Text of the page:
Kick-Off Conference

At History21’s Kick-Off Conference on August 16-17, 2019, we discussed how best to think about teaching introductory college world history courses.


Conference Participant Contributions

(Click on participant name to download contribution.)

Art Arrieta

Comprehensive surveys are impossible and counterproductive. Thematic approaches, with cross-regional comparisons are better. Connection to contemporary issues is crucial (e.g. migration) for engagement. Field trips (IRL or virtual) can provide an effective  basis for group exercises.

Bob Bain

This is an unedited transcript of the keynote address Dr. Bob Bain gave at the H21 launch conference. In it, he describes past attempts to address and reform history education, and their results. He describes how recent changes in conditions and technologies may have made it possible for collaborative projects to have a greater impact now than in the past.    He also describes some of the most recent research into how students learn history, and what makes some teachers highly effective.

Lendol Calder

Let’s learn from past efforts to improve pedagogy. Let’s rethink what is “introductory” about “introductory” college history courses. Let’s have clear goals for what students know, value, and be able to do. Let’s avoid the illusion of “coverage” by tying the “Big Questions” to specific cases and materials through metanarratives and stories.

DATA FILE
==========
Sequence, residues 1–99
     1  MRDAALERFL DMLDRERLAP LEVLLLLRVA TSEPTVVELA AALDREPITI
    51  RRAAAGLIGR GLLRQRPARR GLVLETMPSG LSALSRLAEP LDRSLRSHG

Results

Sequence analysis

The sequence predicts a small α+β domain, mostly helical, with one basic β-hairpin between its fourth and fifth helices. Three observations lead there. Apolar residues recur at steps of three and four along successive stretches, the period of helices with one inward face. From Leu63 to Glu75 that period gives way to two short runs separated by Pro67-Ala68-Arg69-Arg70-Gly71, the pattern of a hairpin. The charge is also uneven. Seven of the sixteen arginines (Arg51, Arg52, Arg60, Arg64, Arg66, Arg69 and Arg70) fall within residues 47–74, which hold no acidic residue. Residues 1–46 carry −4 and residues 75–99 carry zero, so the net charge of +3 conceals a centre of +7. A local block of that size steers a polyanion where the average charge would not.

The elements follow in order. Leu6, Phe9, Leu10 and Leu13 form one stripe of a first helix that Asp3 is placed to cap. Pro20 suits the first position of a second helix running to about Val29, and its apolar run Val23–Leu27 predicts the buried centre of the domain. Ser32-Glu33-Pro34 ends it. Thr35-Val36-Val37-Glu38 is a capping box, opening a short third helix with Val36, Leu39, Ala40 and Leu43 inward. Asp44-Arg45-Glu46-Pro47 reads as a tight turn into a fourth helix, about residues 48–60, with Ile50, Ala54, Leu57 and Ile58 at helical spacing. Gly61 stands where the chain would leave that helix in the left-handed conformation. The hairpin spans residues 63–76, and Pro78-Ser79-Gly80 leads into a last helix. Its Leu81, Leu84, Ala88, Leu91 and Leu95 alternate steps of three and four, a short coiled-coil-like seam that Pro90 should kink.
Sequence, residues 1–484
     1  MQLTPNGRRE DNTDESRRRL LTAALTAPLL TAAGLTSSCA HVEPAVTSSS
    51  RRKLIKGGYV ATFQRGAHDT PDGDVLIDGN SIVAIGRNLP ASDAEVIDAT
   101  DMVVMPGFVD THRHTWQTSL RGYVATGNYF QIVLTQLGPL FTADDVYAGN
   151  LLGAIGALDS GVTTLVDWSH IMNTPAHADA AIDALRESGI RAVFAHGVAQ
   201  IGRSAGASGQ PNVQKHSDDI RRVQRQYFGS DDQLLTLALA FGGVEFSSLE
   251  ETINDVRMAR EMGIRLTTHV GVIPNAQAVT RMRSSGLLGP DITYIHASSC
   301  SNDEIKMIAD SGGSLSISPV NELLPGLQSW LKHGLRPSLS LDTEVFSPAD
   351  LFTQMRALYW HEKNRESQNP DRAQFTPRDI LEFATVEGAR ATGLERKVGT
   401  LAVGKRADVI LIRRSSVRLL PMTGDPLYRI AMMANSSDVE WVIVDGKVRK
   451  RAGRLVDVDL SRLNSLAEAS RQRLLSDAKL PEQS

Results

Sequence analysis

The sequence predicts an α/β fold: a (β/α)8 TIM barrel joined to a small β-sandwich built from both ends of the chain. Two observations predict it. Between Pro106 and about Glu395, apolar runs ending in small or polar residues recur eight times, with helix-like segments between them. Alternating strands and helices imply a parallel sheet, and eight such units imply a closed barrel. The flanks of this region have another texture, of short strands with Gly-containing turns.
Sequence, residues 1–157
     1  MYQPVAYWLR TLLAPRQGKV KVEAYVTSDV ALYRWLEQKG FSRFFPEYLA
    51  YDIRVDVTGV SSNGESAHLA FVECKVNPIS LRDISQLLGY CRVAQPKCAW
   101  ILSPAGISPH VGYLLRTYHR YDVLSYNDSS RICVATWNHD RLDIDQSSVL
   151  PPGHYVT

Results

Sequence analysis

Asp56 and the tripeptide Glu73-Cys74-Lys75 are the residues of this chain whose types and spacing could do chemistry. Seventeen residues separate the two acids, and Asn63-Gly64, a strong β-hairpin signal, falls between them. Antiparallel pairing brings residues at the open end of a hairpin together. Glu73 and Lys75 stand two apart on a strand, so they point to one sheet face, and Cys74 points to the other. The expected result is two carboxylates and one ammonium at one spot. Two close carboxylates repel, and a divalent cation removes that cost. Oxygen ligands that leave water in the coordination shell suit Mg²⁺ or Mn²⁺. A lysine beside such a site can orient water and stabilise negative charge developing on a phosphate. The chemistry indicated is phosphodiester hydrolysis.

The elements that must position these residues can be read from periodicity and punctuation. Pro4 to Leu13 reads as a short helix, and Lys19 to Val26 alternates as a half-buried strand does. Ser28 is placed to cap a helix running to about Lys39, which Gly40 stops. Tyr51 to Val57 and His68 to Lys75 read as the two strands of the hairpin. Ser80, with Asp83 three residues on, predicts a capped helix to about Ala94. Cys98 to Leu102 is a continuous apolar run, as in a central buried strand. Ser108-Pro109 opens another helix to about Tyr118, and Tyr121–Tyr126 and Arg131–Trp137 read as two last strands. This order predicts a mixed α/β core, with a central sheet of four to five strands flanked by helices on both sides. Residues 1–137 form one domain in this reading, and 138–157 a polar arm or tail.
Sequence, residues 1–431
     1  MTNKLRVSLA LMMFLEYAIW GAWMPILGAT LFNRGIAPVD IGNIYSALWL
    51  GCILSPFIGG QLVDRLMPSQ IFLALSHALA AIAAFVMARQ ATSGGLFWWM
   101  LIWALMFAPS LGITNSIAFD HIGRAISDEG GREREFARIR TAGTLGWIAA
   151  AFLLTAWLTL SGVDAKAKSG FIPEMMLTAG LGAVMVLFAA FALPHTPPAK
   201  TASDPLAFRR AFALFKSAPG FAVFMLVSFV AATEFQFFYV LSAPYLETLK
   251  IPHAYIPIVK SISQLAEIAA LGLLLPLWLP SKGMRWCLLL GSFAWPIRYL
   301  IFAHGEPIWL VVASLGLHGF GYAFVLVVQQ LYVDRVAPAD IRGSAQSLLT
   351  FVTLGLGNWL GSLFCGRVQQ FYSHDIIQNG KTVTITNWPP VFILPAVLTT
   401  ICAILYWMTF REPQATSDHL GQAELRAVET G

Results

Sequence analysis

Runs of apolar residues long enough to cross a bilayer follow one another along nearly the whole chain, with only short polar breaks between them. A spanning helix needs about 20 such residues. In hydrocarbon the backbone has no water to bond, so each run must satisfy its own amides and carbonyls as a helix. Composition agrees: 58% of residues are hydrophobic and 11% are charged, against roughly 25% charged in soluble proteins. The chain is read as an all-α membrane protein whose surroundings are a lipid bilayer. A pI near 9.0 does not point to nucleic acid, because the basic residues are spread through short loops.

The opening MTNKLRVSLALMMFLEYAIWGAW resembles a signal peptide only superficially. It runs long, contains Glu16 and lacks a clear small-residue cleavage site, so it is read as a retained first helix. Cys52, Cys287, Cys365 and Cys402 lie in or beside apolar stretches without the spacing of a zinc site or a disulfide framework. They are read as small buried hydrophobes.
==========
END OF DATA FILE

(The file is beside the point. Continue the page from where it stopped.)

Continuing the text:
Shane Carter

College history courses need to be relevant to students to connect and engage with them. For young people today this means facing the roots of their existential climate crisis, as well as personal stories that show how core world historical issues (e.g., Columbian Exchange, slavery) can equip them to contextualize themselves in their personal, group, and global heritage.

Cate Denial

We love History; but most of our students don’t, despite our best efforts. We love content and often try to pack it into them. It doesn’t work. What does work is skills. I treat my students as historians from day one. Sources trump texts anyday: finding, analyzing, synthesizing, and telling stories from them. We also need to bear a thought for their emotional, physical, and living security, then they can be better students.

Ed Dickinson

While it may be impossible to conceptualize coherent patterns/trends over the long term, teaching even a smaller chronological chunk of world history requires instructors “to maintain an entirely sovereign conceptual stance” and to select and interpret events from that perspective. Using or writing a textbook from that stance allows class time to focus on “thinking like a historian,” specifically the distinctive angles of historical analysis and the importance of contextualization.

Audra A. Diptee

Most surveys have relatively few History majors. For the rest, this may be their last formal encounter with History. To engage them, we need to stop ‘defending’ the value of History and start showing it, by complicating current issues (e.g. slavery reparations) with historiographical debates, methodological issues, and theoretical frameworks; then having students use historical tools to hone their critical analytics.